Nikko also offers visitors an immense quantity of natural spots and experiences such as waterfalls, hot springs, lakes, and hiking pats.

 You do not want to miss Photographing the bright red Shinkyo bridge or the delicious sushi served at Komekichi Kozushi.

5. Nara

Japan’s first official and permanent capital was Nara. A city filled with UNESCO world heritage sites and historical jewels.

 A compact, small city, highly ranked thanks to its marvelous sights, including the famous Daibutsu (Great Buddha) at Todai-Ji Temple, Kasuga-Taisha Shrine and Nara-Koen Park, with its famous semi-wild deer.

 The most important spot of Todai-Ji is the Daibutsu-den (Hall of the Great Buddha), which contains the vast grandeur of the Daibutsu. You’ve probably seen this 16-meter  gold and bronzaBuddha emanating spirituality even in photos or videos –it dates back to 751!. If you go there, be sure to go all the way to the Nandai-mon Gate. Once you are at Daibutsu-den –and if you are traveling with kids – check out the pillar that has a hole in the center. The legend says children that can fit in the hole will be filled with enlightenment.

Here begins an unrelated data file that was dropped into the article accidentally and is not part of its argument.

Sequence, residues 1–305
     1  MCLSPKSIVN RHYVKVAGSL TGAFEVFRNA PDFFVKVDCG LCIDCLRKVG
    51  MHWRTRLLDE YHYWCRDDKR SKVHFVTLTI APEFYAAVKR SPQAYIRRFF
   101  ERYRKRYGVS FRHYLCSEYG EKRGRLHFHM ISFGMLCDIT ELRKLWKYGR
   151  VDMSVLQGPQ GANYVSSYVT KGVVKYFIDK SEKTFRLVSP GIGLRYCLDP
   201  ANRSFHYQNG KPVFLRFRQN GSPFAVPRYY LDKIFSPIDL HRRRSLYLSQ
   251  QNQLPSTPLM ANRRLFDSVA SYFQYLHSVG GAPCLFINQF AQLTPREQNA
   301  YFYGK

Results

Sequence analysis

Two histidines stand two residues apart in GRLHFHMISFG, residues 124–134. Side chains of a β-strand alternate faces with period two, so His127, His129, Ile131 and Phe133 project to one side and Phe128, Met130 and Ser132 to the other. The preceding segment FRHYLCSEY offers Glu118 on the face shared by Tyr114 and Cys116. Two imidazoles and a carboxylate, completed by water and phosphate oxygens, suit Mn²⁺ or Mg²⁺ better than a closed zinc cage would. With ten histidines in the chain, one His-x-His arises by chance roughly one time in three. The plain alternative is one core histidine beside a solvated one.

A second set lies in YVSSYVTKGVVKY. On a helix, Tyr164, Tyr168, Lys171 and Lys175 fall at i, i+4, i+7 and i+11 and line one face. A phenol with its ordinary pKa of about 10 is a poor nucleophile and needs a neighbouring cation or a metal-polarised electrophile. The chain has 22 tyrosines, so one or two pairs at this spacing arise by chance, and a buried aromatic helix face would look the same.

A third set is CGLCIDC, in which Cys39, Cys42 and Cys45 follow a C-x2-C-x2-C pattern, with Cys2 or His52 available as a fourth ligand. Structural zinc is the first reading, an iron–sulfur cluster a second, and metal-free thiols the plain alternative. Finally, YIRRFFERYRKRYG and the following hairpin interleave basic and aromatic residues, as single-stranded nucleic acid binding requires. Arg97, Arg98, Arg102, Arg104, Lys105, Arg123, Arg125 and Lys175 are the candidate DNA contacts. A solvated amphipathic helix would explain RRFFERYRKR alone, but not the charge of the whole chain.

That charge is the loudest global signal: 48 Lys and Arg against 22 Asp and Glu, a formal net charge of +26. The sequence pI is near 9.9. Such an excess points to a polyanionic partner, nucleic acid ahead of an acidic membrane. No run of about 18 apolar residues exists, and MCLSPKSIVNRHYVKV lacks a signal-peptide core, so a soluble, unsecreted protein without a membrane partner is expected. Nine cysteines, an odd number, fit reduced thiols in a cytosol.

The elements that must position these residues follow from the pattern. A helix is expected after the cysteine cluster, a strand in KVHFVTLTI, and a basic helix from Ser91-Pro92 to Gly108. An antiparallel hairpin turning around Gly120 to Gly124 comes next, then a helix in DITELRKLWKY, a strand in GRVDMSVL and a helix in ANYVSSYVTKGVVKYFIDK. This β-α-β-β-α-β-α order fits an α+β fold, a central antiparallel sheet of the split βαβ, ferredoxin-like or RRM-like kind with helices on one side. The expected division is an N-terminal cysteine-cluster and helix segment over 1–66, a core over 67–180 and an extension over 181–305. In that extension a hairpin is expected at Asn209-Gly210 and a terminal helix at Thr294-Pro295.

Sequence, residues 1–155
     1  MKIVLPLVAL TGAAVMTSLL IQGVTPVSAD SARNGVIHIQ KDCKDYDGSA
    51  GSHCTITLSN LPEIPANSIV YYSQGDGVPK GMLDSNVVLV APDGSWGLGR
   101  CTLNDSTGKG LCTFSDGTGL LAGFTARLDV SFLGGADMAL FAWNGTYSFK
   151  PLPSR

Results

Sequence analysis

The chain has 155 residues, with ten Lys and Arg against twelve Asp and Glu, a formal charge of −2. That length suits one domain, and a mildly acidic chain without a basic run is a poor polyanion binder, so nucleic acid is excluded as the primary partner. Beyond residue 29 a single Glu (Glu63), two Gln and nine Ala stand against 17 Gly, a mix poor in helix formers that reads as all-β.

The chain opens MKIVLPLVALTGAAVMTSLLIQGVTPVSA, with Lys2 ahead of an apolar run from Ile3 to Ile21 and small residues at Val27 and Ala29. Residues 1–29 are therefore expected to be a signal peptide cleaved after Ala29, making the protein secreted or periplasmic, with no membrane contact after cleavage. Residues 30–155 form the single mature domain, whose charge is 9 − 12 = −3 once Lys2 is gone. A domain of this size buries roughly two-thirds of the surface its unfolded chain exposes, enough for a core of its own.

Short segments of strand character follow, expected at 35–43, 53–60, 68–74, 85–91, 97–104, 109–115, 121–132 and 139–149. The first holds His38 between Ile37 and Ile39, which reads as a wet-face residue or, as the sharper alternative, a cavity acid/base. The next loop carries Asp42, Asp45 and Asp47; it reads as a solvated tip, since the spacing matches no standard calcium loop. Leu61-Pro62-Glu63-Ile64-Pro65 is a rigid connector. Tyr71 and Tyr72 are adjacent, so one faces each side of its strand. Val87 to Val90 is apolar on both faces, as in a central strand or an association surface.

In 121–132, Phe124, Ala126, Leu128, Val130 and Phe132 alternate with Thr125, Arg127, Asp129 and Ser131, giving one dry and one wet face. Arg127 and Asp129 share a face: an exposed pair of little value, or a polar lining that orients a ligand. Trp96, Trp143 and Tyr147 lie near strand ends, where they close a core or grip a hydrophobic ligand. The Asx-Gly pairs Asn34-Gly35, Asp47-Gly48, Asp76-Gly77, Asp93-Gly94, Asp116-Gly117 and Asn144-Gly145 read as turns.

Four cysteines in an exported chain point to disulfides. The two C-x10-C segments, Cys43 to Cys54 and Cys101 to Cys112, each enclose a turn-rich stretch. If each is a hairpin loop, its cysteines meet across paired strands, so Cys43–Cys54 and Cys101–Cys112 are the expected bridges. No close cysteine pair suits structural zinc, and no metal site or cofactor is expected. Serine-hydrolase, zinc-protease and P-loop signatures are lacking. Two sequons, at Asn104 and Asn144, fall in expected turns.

Nara-Koen Park is filled with lovely ponds and pleasant, tranquil pathways. The most popular attraction –especially for children – is the large population of semi-wild deer that love in the park. You can buy crackers and feed them. 

6. Osaka

 The commercial city of Japan, known for its fantastic nightlife, amazing modern architecture and delicious street food should be included in any first-visitor list.

 If you’d like to do some world-class shopping, Dotonbori and Shinsaibashi shopping arcade are two of the major shopping areas in southern Osaka. While you are at Dotonbori, do not miss the Glico sign looming over the bridge, it is a significant landmark.

 The other area worth visiting while in Osaka is Tennoji. This area is home to the Abeno Harukas 300-meter skyscraper. You will not get a better view of Japan than from this high altitude.